Under normal circumstances, there’s no such thing as a litmus test for an NBA franchise that is 1/41st (or 2.44 percent, for you decimal junkies) of its way through its schedule.
Under normal circumstances, there are no truths to be revealed so soon, no certainties, no promises immediately fulfilled. Allen Iverson voice: We’re talking about Game 2. Game 2. That’s practically practice.
But these are not normal circumstances for the Boston Celtics. They are carrying 11 new players on the roster, and one of the two most talented and important of those newcomers was, staggeringly, lost to a devastating injury before the first quarter of their season-opening loss to the Cavaliers Tuesday was complete.
The specter of Gordon Hayward’s gruesome injury – a dislocated ankle and fractured tibia – Tuesday night hovered above the Celtics home opener Wednesday against the Milwaukee Bucks. How could it not? Forget the basketball implications; it was viscerally shattering, the sort of hideous visual that immediately drains the blood from a witness’s face.
Though the Celtics proved remarkably resilient versus the Cavs after losing Hayward – they led late in the fourth quarter before succumbing to LeBron James’s force of will, 102-99 – a sadness hangover might have been expected in the home opener just an evening later.
It seemed in the Cavs game that the shock and sadness was converted into adrenaline and emotion, and it was darned near enough. On a disappointing night, one in which Danny Ainge’s best-laid plans were cruelly put on hold, the Celtics still managed to make an encouraging first impression.
But what would happen the next day, when reality set in? No, maybe this is not the time for an accurate litmus test so soon into the season. But it was impossible not to attempt to gauge the temperature of the team in the wake of the Hayward injury.
The mood was lightened to some degree when, during the pregame, Hayward’s visage literally hovered about the crowd.
“What’s up everybody?,’’ he said on a video, recorded from his hospital bed, that was played on the scoreboard above center court. “I’m gonna be all right. It hurts me that I can’t be there for the home opener. I want nothing more than to be with my teammates. I’ll be supporting the guys from here and wishing the team the best of luck.’’
The ticketholders didn’t forget about him even as an entertaining and ultimately unfulfilling game (the Bucks pulled away for a 108-100 win behind Giannis Antetokounmpo’s 37 points) began playing out. With 2 minutes and 31 seconds left in the first quarter, fans began chanting “Gor-don Hay-ward!” It won’t be the last time he’s saluted by name at the Garden. But for the moment, as cold as it feels, this must be about the players who are on the court.
“As you can see,’’ said Kyrie Irving afterward about the impact of Hayward’s absence, “As cliché as this sounds, that’s life. [Expletive] happens.”
That’s why Game 2 felt important. To begin to discover what will happen, whether it’s the [expletive] kind or otherwise. Even so early in a season, a team’s energy can be measured. There are glimpses about what they can become. There are no answers about how this season is going to go in Hayward’s absence, not now and not for a while. But there are clues to be found about what the future may bring.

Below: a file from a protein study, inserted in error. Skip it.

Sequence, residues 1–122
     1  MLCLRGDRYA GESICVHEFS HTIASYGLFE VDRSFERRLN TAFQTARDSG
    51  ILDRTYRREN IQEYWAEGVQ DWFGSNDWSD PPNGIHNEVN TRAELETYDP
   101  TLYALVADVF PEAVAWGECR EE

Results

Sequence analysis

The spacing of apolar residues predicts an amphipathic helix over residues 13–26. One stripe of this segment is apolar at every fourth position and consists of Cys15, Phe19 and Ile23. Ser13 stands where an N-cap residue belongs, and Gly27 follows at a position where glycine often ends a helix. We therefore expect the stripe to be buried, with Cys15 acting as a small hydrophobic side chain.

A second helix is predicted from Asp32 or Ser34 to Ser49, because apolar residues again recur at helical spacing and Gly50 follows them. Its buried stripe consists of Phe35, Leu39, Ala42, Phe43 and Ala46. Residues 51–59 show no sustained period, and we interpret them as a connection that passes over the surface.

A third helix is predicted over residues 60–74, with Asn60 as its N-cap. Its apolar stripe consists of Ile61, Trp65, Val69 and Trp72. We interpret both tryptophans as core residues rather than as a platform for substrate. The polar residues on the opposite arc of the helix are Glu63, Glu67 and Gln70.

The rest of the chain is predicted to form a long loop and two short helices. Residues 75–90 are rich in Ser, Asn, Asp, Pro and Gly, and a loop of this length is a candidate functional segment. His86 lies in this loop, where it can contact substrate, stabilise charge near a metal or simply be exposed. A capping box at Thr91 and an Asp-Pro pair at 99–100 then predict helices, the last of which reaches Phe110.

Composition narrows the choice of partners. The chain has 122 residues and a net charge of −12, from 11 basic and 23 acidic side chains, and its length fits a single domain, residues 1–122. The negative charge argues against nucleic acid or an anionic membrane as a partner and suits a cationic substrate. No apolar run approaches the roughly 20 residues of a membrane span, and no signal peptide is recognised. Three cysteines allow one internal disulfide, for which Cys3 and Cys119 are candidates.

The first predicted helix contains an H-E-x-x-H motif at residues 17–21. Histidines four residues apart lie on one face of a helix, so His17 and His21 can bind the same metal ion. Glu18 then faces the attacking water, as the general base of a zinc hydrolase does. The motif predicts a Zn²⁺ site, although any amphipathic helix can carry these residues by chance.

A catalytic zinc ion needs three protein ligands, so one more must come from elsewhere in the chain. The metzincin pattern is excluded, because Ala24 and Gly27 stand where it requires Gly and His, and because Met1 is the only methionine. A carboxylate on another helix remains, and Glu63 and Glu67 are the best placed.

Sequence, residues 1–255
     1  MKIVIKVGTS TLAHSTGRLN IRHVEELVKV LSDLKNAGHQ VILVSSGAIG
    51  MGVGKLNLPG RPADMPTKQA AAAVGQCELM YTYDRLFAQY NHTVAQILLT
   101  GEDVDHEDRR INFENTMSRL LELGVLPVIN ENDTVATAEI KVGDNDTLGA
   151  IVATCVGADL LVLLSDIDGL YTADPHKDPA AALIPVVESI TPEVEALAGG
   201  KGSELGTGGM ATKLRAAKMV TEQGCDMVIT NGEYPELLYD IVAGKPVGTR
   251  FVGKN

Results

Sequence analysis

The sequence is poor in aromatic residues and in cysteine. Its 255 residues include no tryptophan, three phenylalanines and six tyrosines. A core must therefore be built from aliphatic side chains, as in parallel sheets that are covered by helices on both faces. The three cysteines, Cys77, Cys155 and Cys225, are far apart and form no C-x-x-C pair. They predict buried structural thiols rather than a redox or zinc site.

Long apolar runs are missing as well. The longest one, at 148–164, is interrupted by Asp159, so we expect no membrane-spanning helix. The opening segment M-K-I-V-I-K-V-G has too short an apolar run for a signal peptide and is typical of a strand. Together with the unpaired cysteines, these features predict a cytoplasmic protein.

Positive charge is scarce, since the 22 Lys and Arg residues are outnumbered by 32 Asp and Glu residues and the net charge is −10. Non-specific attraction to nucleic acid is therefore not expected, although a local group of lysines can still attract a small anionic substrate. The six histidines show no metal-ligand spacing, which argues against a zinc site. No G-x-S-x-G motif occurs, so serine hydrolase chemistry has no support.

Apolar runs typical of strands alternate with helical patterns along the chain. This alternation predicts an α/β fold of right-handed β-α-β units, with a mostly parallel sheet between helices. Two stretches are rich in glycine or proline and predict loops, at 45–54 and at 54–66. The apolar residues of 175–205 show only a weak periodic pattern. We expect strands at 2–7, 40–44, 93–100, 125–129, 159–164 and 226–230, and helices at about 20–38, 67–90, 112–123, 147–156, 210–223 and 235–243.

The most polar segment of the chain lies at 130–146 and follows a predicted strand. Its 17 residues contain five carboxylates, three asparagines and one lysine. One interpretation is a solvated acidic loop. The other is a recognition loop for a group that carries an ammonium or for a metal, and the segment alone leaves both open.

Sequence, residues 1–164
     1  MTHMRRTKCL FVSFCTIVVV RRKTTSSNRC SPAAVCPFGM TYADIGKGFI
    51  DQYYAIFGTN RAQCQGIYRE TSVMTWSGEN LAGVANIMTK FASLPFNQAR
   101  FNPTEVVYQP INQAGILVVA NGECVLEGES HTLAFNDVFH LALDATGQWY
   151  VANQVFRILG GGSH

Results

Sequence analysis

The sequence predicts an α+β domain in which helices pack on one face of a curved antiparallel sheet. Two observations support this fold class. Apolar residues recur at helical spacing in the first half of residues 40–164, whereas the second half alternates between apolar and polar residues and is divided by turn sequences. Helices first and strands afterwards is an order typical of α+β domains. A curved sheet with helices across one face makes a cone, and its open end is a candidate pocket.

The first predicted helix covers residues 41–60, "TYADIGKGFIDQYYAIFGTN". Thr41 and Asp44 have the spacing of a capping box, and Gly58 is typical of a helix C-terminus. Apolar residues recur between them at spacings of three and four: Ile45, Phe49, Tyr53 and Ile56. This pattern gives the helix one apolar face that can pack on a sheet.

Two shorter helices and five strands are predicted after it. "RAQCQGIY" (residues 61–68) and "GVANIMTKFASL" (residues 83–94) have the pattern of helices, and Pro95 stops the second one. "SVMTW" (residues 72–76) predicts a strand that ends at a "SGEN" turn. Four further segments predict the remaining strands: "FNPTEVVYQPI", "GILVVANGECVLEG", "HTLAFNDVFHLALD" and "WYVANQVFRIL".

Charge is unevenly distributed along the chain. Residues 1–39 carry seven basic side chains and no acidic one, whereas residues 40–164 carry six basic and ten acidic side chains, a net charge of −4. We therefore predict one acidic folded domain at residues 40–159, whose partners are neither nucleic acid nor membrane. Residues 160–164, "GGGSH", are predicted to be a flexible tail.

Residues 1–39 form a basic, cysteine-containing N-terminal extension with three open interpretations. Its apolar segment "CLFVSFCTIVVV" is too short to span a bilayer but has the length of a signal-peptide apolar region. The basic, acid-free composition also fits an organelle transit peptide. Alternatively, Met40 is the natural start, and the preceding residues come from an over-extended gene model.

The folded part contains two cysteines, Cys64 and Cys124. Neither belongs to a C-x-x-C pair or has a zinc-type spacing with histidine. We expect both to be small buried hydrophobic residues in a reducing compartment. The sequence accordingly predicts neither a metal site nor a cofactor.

So how did it go? If Tuesday encouraged optimism, then Wednesday preached patience. Perhaps plugged-in Celtics fans do not require the reminder, but man, is this team depending upon youth – and they must accelerate up the growth curve in Hayward’s absence.
Jaylen Brown doesn’t just seem capable of a huge leap forward; he appears to be in the middle of the leap right now. A night after dropping a team-high 25 points on the Cavaliers while at times legitimately agitating James on defense, he put up 18 points, 5 rebounds, and 3 assists before fouling out on a ticky-tack call late in the fourth quarter. He’s guarded James and Antetokounmpo on successive nights and held his own, and he looks like a vastly improved offensive player. I cannot wait to see where he is two months from now.
“It’s all about me being aggressive and Jayson [Tatum] being aggressive,” said Brown. “That’s going to help us all.”
As enticing as Tatum’s obvious talent is, he didn’t get the results in his second NBA game that he found in his first, when he finished with 14 points and 10 rebounds. He did have an important-at-the-time tip-in of his own miss with 1 minute 59 seconds left to pull the Celtics within 97-95. But in his 36 minutes, he finished with 8 points and was a minus-15.
This is probably a good time for this reminder: Bucks benchwarmer (and Celtics-Nets blockbuster afterthought) Jason Terry is beginning his 19th season in the NBA, a slightly shorter span of time than Tatum has been on earth. He’s going to be great. There is no Markelle Fultz envy around here. But there will be growing pains.
Even the cornerstone Irving, who can already claim to have hit a championship-winning shot to take down the winningest regular season team in league history, is a relative youth. At 25, he’s just nine months older than Bucks guard Malcolm Brogdon, the reigning Rookie of the Year. His NBA bona fides are already proven, but there is the matter of meshing with his new teammates in Boston. Wednesday, his was a haphazard performance (7 of 25 shooting, 17 points, 3 assists but none in the first half).
It will get better during games 3 through 82, for Irving and the rest of the Celtics still seeking that first win as a unit. They still have a chance to be pretty good. But no matter how rapidly the youngsters develop and how well Brad Stevens will eventually get this team to play together, there is one truth to be found 1/41st of the way through the season. No matter how good things get, it’s going to be impossible to forget that they’d be even better with a healthy Hayward.